Alice L Rekab 06122018
A Nomoli is the Temne name given to the strange figurative objects of unknown origin found buried in the ground both deep and shallow at various sites in Sierra Leone. Sometimes marking the rich seam of gold in a mine deep inside the earth; other times their placement is seemingly random, unearthed by hand or spade in a rice field. They are believed to bring or to signal abundance. If you take them out, your harvest will fail. Some believe they are man-made and others that they are formed by the earth to resemble gods. The Sheela-na-Gig is the name given to an ancient figure carved in grotesque relief across the medieval architecture of Europe, with the highest concentration of 101 carvings found in Ireland. The Sheela-na- gig are said to ward off death and evil as they display their large distended vulva, their faces gently smiling or agape, reflecting the shock of life’s origins and the power of fertility across the ages Alice Rekab’s nomoli, which replicates the Temne nomoli yet resembles the Irish Sheela-na-gig, engages two distinct cultural forms one sexless the other sexed. Each becoming a motif of biographical expression for the artist as both Irish and Temne by descent. In her fist guest lecture in the Republic of Ireland Rekab will discuss her practice of video, sculpture, tapestry and performance, exploring how these works repeat and recode the same objects across different locations and time lines. These objects will in turn form a focal point for a discussion and a wider consideration of arts function on and off camera.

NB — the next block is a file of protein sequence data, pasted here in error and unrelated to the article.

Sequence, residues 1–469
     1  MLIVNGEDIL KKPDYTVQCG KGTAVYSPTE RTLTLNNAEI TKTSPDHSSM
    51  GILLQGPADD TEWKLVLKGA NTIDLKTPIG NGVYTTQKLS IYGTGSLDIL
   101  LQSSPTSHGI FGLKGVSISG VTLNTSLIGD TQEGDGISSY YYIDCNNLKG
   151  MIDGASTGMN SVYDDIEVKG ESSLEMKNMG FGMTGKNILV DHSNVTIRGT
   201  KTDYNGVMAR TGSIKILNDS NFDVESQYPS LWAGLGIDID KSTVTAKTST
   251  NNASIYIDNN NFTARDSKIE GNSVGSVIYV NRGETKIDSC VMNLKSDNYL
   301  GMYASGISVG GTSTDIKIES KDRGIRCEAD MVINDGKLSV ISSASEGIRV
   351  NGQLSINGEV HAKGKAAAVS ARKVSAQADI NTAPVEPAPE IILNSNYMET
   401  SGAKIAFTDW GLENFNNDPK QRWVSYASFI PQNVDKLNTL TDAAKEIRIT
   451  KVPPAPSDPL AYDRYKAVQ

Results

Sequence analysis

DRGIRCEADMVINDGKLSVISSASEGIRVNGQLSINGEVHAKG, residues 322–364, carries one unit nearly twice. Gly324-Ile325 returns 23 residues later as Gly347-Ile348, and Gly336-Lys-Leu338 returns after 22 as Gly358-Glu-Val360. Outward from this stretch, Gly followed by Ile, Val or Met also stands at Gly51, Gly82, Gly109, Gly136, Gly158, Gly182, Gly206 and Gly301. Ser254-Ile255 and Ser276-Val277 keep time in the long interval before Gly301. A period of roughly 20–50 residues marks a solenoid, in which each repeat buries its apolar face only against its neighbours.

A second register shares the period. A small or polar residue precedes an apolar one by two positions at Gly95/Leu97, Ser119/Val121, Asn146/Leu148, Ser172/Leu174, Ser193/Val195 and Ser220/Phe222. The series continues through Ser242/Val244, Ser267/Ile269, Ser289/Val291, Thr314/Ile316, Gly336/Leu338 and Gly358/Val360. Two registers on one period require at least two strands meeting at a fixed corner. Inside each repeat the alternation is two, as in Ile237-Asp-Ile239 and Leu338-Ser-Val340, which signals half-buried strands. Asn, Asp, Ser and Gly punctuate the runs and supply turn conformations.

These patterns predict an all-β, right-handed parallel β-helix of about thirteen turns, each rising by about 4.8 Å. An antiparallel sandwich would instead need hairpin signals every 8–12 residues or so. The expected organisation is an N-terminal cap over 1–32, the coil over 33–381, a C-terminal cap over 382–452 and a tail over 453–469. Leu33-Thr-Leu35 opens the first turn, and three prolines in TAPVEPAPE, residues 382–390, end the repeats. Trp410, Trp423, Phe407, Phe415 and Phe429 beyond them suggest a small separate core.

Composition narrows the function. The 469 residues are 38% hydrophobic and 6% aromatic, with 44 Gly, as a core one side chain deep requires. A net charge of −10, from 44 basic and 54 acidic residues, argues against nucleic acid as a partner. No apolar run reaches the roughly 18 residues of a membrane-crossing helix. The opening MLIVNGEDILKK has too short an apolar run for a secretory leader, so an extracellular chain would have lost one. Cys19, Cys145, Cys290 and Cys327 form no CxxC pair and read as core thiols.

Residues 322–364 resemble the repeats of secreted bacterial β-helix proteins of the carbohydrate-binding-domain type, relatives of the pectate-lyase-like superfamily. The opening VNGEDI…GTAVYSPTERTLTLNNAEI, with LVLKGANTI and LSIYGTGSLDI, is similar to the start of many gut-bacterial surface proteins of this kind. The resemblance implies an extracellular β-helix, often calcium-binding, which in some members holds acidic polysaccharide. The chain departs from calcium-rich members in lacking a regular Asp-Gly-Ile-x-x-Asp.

©Uploaded on Monday 10th of December 2018
- 1920x1080 @ 25 f/s
- 48000 Hz / 2 channel(s)
- mp4, 4.5 GB